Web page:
The Federal Communications Commission (FCC) must differentiate between research and advertising in fax communications under the Telephone Consumer Protection Act (TCPA), according to comments filed by a leading trade association.

In response to a FCC petition from M3 USA, the Insights Association filed comments on April 27, 2017, calling upon the agency to "confirm that invitations to participate in marketing research studies do not constitute 'advertising' under the TCPA."

M3, an Insights Association member, is facing down a TCPA class action lawsuit from a serial plaintiff who "exercised considerable alchemy to conjure a lawsuit, refiling it multiple times to tailor it differently, including trying to rope in unrelated aspects of the research company’s privacy policy and terms of use in justification of the suit." However, the concerns are larger than one lawsuit and "apply not just to marketing research firms that contact potential research participants via fax or even just to firms that do phone research. In fact, it applies even more broadly to the larger proposition that marketing research is somehow a form of (or related to) marketing. This proposition, at best, represents a profound misconception about the nature of marketing research – and, at worst, is an attempt by the plaintiffs’ bar to distort long-held, bright-line distinctions between marketing and marketing research, with the cynical aim of expanding the number of TCPA lawsuits. Clarification from the FCC on the M3 petition will therefore help eliminate any such ambiguity moving forward."

[Multiple Insights Association members also filed their own comments in support.]

Read the full Insights Association comments in PDF, or in the text below:

M3 USA, an Insights Association member, has petitioned[1] the Federal Communications Commission (FCC) to confirm that invitations to participate in marketing research studies do not constitute “advertising” under the TCPA. Like many other “legitimate businesses, M3’s survey invitations have become the target of abusive TCPA litigation threatening ruinous statutory damages,” said M3 in their petition. The lack of obvious clarity from the FCC on what constitutes advertising, M3 contends, results in “confusion in the courts, a cloud of uncertainty and intolerable risk for legitimate survey businesses, and the chilling of important and beneficial communications.”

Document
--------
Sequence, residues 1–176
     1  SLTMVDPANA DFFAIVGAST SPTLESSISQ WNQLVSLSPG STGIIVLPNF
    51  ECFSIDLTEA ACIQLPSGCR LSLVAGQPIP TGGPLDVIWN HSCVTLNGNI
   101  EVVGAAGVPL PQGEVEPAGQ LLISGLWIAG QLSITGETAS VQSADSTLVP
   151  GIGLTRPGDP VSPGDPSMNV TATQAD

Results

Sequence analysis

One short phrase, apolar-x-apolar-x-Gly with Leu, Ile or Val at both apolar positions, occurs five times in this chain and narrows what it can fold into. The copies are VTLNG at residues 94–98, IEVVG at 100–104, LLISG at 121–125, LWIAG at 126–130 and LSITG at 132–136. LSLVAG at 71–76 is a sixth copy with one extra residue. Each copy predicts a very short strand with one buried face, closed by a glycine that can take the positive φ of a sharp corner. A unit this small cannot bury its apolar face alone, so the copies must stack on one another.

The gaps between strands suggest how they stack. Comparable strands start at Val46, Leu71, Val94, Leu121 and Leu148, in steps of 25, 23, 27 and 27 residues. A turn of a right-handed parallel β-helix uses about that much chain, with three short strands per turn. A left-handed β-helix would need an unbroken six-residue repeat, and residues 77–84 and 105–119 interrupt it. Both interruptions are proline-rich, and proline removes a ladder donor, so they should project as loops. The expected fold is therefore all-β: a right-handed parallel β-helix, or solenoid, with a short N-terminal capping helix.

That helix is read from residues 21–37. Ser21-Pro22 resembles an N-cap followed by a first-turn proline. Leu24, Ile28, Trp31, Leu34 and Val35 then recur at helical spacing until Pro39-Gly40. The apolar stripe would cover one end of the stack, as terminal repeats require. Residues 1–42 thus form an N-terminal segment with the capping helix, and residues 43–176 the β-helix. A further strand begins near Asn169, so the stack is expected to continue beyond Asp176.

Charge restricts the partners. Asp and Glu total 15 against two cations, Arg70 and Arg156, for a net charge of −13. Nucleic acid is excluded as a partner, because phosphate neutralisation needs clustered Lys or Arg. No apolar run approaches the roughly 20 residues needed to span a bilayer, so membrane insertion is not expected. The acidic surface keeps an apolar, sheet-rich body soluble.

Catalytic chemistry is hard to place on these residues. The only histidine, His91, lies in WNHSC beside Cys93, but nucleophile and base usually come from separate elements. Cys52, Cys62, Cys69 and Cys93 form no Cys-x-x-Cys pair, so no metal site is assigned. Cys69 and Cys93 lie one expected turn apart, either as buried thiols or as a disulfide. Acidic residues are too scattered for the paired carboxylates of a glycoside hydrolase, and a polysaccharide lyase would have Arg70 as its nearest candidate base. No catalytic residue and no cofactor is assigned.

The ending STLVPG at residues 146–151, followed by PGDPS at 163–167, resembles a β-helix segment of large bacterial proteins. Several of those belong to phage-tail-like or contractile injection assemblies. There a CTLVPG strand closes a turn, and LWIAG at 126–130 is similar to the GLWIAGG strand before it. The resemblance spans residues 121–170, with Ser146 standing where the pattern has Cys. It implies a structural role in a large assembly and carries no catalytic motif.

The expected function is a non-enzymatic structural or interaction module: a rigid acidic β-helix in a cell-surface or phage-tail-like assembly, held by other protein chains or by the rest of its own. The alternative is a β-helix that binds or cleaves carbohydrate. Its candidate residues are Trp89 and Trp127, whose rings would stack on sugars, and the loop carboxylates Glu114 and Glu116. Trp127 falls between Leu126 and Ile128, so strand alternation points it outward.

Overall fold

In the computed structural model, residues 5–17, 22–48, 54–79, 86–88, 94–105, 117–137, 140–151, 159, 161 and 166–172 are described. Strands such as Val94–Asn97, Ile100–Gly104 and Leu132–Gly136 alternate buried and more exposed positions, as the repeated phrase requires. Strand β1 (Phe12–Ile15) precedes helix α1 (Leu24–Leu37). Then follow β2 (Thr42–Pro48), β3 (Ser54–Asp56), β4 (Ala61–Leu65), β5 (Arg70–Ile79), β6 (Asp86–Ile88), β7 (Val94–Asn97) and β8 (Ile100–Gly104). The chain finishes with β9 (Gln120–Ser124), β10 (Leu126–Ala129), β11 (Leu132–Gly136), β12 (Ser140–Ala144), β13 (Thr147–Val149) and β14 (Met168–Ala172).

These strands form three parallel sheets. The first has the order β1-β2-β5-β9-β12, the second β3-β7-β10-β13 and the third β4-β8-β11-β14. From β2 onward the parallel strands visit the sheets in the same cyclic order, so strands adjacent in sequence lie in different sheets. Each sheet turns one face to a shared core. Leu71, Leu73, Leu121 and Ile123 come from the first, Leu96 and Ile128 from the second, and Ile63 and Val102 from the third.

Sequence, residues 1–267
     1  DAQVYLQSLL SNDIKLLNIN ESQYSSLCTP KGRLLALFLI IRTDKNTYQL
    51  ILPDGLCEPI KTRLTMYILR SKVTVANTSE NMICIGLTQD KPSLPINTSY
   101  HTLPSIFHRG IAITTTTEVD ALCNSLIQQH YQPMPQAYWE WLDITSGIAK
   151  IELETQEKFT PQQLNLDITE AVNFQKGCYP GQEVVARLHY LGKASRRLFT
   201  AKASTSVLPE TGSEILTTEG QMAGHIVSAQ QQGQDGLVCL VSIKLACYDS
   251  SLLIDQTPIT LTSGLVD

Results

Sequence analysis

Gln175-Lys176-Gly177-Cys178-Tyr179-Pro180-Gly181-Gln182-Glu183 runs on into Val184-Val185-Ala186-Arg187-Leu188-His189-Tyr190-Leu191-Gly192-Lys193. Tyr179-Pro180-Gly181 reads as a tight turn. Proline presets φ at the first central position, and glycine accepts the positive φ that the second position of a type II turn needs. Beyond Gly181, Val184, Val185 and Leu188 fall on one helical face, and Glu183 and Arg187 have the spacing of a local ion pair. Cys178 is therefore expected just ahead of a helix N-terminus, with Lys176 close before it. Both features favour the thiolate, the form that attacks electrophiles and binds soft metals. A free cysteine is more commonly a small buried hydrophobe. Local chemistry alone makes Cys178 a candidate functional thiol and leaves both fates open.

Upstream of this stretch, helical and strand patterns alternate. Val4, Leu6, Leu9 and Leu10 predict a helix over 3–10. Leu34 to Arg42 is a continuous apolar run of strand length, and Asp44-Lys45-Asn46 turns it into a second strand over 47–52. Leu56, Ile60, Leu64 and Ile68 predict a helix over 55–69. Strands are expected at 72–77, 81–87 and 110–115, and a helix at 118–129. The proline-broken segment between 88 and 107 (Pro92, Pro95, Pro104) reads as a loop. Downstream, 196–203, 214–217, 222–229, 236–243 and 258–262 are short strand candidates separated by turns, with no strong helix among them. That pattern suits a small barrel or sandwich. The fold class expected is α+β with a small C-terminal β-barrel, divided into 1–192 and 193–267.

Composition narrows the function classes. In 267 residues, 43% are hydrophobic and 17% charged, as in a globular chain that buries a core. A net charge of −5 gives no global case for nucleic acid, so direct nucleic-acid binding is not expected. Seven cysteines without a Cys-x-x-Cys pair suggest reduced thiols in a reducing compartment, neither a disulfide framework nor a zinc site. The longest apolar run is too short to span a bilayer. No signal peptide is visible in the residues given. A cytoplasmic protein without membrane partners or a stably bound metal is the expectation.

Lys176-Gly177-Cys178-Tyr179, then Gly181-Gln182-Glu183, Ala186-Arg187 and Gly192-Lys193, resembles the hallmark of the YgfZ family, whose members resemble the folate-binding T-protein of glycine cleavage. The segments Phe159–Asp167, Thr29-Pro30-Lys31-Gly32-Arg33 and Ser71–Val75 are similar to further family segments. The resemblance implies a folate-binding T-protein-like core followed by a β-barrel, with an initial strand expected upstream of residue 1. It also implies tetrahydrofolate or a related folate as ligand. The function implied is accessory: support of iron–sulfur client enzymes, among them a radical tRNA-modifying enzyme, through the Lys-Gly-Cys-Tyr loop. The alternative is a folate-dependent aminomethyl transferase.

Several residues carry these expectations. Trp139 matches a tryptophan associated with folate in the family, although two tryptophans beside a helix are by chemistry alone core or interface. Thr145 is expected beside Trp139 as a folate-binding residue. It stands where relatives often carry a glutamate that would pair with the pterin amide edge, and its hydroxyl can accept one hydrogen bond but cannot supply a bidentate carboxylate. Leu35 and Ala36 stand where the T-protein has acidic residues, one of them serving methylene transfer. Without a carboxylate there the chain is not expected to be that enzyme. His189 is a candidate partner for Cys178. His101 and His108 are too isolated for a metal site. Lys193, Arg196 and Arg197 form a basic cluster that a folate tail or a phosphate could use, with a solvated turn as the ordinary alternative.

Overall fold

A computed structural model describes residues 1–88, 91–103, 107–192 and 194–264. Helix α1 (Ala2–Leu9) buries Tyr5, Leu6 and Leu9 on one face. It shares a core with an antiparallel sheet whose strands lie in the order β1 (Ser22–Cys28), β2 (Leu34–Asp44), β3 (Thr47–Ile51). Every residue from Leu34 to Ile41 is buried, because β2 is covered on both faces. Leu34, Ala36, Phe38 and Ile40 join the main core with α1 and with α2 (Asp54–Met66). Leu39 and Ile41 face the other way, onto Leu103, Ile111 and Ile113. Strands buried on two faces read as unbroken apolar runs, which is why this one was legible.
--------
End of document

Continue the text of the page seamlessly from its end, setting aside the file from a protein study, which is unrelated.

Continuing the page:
The issues at stake here are considerable and apply not just to marketing research firms that contact potential research participants via fax or even just to firms that do phone research. In fact, it applies even more broadly to the larger proposition that marketing research is somehow a form of (or related to) marketing. This proposition, at best, represents a profound misconception about the nature of marketing research – and, at worst, is an attempt by the plaintiffs’ bar to distort long-held, bright-line distinctions between marketing and marketing research, with the cynical aim of expanding the number of TCPA lawsuits. Clarification from the FCC on the M3 petition will therefore help eliminate any such ambiguity moving forward.

The M3 petition called for FCC action “to dispel confusion over the proper application of the 'pretext' exception to informational survey faxes… provide needed clarity and certainty to market research survey companies, and close a regulatory loophole being exploited improperly to target informational communications for massive TCPA liability.”

The Insights Association supports this petition for the FCC to rule that:

  1. “There is no presumption under the TCPA that faxes sent by for-profit businesses are pretexts for advertisements;
  2. Informational faxes are not pretexts for advertisements under the TCPA unless the transmission promotes specific, commercially-available property, goods or services to the recipient of the fax;
  3. Market research surveys do not constitute property, goods or services vis-à-vis the persons taking the surveys under the TCPA; and
  4. Invitations to participate in market research surveys are not advertisements under the TCPA unless commercially-available property, goods or services are promoted in the fax itself or during the survey itself.”